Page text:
Iron Riders For most of their years, they were known as the Warders of Men. They were always interested in human progress, and now with the Industrial Revolution they see it as a promise finally fulfilled. Steam and electricity, gunpowder and coal — it’s a new age. To honor that age, the children of Cockroach actually chose a new name for their tribe. Now they’re the Iron Riders, following the railroads across the land and watching the destiny of iron consume all before it. The spiritual conflict of the Storm Umbra hasn’t escaped the Iron Riders. Those Riders who’ve come West are almost of two minds about the whole mess. On the one hand, the Storm Eater’s a clear danger and it can’t be good for the Wyld to be manhandled so. On the other hand, they’re abettors of a sort to the forces of the Weaver, who are exacerbating the situation. Worse, they tend to get trapped in the mindset that the Europeans are “more civilized” than the native nations they’re displacing. It’s common enough for the Iron Riders to take the sides of bankers and industry barons, at least so long as those innovators keep free of Wyrm-scent. Despite their controversial ties to the Weaver, the Iron Riders still have allies among the other tribes. Their generally humanist line of thought gives them common cause with the Bone Gnawers and Children of Gaia in particular, and to lesser extent the Black Furies. Well-meaning Riders often reach out to the Uktena and

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Wendigo, though those tribes don’t think much of the newcomers’ patronizing attitude regarding “progress.” Their more urban proclivities bring the Iron Riders into conflict more frequently with those European vampires who have also drifted West, and it’s fair to say there’s no love lost between the two. Beginning Gifts: Control Simple Machine, Diagnostics, Persuasion, Trick Shot, Well-Oiled Running Territory: The Iron Riders prefer civilization, even in the form of small rail-towns, to the wilderness proper. The larger and wealthier the town, the more attractive they find it. They’re particularly interested in establishing schools and universities in order to help humanity reach its full potential. Interestingly, the character of their territories isn’t significantly different from other large towns where they don’t hold sway. The Iron Riders often like just sitting back and watching humans innovate, waiting to be surprised once again. Protectorate: It’s something of a cliché for the Riders to claim that all of humanity is their protectorate. In practice, they pick favorites just like everyone else. They’re interested in the idea men, the builders, the investors, and philanthropists. Of course, such people are sometimes susceptible to pride, greed, and the various other vices that open one’s heart to the Wyrm. The Iron Riders do their damnedest to keep those influences at bay. Nobody wants to imagine a world where the cities become suppurating lesions of Wyrm-taint. Quote: Exciting times, friend. There’s a new day coming whether we want it to or not — might as well hitch up our sleeves and get to work shaping it.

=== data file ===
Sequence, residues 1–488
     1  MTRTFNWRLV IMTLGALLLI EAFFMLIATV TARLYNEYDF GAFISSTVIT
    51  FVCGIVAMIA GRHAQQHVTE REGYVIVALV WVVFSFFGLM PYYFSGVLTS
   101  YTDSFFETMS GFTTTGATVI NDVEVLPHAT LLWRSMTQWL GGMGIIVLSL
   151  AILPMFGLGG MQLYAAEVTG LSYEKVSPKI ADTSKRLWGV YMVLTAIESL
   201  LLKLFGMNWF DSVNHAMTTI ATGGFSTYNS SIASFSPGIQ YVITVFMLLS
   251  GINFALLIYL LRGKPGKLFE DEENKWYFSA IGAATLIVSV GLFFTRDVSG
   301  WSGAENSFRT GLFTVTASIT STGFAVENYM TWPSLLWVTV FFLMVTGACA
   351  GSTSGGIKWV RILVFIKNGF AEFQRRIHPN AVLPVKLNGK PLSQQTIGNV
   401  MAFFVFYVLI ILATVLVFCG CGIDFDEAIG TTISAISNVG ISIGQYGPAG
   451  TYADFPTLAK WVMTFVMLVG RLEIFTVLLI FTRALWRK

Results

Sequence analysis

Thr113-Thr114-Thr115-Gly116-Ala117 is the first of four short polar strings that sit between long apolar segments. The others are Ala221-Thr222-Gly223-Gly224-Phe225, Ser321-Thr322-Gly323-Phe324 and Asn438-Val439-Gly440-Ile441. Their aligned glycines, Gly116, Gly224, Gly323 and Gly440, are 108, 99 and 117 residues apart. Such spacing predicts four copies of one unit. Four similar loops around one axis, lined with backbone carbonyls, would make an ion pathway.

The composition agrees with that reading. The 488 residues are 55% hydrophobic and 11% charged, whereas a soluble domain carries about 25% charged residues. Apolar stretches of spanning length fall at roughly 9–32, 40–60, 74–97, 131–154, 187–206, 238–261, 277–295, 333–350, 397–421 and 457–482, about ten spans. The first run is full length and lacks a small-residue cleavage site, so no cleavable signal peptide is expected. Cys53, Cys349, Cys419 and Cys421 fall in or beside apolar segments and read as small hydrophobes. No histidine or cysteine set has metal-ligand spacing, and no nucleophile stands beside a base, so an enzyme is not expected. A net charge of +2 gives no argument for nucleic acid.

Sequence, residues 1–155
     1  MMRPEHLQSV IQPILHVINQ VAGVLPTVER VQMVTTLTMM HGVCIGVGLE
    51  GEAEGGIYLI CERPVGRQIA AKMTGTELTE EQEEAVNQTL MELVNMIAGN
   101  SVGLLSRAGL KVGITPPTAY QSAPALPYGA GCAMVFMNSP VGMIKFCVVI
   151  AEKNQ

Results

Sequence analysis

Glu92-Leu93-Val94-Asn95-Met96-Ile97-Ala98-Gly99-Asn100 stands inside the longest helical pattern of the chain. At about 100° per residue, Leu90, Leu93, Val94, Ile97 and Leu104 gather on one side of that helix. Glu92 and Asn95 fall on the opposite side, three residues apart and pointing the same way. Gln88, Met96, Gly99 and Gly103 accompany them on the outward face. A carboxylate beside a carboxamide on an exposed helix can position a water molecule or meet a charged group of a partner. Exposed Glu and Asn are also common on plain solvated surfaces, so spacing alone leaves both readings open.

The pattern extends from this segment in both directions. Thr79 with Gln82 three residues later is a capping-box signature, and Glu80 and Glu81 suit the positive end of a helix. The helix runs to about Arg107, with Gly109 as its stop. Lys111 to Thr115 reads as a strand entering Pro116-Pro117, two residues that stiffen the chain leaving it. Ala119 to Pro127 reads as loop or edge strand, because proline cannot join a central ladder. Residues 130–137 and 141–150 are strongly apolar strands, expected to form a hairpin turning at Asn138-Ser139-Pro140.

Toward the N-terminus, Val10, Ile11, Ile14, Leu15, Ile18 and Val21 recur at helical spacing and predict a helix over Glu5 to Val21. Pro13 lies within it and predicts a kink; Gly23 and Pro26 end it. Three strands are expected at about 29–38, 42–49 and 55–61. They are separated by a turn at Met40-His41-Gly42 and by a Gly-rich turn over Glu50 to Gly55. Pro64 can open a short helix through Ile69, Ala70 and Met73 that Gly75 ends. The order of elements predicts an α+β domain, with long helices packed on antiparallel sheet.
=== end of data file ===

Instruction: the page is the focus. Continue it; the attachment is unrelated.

Red Talons The Red Talons look at the conflict between settler and native with abject disgust. You see, they say, this is why humans are worse than any other beast. The chaos of the Storm Umbra appalls them, and is one more crime to lay at humanity’s collective doorstep. They have no love for the apes on either side — the natives have their plagues and their cruelties, same as the newcomers — but they work to cull the settlers more, if for no other reason than the settlers are spreading faster and killing more efficiently. The activities of the “wolfers” (p. 7) whip Gryphon’s children into a murderous spirit that few can match. The frontier is a dangerous place, and the Red Talons are intent on making sure the humans fear it. The Talons came to the New World through the Umbra, not on any human ship. They managed to make peaceful contact with the Pure Tribes, and sought out unclaimed territory far from any human settlements. When the conflicts with the European tribes broke out, some Red Talons created “accidental” alliances with the Uktena and Wendigo. No child of Griffin would dedicate herself to defending the two-legged Kin of even the “Pure Ones,” but they often shared common targets. Aggressive settlers would go missing now and again.